Brandenburg Concerto No. 4

Brandenburg Concerto No. 4, BWV 1049

1719, Concerti, Orchestral

The world has long marvelled that Bach's set of six 'Brandenburg' concertos should have been wasted on the pompous and arrogant Prussian nobleman the Margrave of Brandenburg, to whom Bach had to write grovelling letters for patronage. Sadder still is the fact that these six pieces stayed unused in the Margrave's library for thirteen years; they were discovered after his death and recognised as works of genius.

Brandenburg Concerto No. 4 in G Major is the lightest of the set, both in spirit and in physical sound. To the twentieth-century ear, this masterpiece seems to conjure up all the grace and sparkle of eighteenth-century architecture, painting and manners which is embraced by the term Rococo.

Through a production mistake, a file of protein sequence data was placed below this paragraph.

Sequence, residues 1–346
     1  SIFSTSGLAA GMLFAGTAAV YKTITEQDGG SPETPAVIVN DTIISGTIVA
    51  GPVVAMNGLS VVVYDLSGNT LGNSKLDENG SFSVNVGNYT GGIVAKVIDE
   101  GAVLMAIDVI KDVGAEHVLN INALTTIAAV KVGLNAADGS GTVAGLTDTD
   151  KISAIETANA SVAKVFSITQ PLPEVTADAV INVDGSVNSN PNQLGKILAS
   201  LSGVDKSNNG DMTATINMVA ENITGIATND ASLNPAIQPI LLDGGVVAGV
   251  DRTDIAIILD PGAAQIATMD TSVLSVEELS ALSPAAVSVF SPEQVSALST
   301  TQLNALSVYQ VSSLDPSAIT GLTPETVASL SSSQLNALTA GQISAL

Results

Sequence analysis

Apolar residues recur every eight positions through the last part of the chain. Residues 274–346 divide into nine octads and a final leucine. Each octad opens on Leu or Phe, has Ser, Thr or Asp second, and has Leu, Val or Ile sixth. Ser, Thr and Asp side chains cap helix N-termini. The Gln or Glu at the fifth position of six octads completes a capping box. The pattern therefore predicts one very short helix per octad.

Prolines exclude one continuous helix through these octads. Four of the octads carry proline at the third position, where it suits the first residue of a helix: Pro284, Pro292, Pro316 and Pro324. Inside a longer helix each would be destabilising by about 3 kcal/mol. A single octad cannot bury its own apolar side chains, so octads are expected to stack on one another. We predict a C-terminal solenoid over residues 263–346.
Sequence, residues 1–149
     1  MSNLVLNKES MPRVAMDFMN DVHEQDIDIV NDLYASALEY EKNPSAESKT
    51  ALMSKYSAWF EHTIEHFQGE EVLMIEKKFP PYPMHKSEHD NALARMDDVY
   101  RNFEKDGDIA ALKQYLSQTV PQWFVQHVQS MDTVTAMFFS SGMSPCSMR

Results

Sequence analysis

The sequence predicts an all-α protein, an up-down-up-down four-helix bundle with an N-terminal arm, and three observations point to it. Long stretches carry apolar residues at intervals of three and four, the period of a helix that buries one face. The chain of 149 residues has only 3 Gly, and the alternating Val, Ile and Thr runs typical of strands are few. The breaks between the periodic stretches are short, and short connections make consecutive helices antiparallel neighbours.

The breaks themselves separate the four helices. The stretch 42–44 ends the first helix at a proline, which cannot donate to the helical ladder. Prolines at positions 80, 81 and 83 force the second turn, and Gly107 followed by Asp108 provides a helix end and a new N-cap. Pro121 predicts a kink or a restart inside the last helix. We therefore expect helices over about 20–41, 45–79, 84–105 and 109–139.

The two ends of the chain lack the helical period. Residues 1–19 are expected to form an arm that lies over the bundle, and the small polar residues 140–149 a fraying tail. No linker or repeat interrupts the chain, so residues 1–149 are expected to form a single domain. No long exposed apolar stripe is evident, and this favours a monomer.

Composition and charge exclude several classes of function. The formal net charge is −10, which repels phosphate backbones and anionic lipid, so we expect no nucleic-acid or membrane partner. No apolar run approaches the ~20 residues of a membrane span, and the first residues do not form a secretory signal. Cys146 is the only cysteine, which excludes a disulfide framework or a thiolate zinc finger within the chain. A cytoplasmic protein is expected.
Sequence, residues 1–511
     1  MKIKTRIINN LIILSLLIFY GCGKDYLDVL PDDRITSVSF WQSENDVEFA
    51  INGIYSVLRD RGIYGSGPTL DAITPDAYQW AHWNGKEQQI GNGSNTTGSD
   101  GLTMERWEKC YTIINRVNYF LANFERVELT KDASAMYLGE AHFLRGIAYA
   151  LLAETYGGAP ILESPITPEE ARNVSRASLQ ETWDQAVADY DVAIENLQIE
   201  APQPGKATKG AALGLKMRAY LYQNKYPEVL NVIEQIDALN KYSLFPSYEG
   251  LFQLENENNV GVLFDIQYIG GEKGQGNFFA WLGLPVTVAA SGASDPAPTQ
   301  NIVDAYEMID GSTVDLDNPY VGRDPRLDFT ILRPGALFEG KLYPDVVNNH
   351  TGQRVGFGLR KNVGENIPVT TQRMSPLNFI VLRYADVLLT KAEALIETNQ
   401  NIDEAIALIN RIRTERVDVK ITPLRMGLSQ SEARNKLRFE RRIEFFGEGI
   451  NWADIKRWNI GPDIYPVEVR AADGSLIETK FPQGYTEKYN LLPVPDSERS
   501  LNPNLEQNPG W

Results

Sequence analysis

Brandenburg Concerto No. 5

Brandenburg Concerto No. 5, BWV 1050: Allegro

1720, Concerti, Orchestral

The world has long marvelled that Bach's set of six 'Brandenburg' concertos should have been wasted on the pompous and arrogant Prussian nobleman the Margrave of Brandenburg, to whom Bach had to write grovelling letters for patronage. Sadder still is the fact that these six pieces stayed unused in the Margrave's library for thirteen years; they were discovered after his death and recognised as works of genius.

This Fifth Brandenburg Concerto is in D major and is often seen as the first ever harpsichord concerto. Scored for solo harpsichord, flute and violin, the keyboard is so prominent that it is hardly surprising musicologists have taken this view.

Suite for Orchestra No. 2

Suite for Orchestra No. 2, BWV 1067

1721, Orchestral

Made up of seven movements, this is Bach's only surviving work written for solo flute and orchestra, and could effectively be called a flute concerto.

I. Overture.

Though with a slow introduction, this opening movement is full of trills and jagged rhythms.

II. Rondeau.

A simple theme is cleverly repeated four times and sounds better on each return.

III. Sarabande.

Essentially a stately dance.

IV. Bourrée.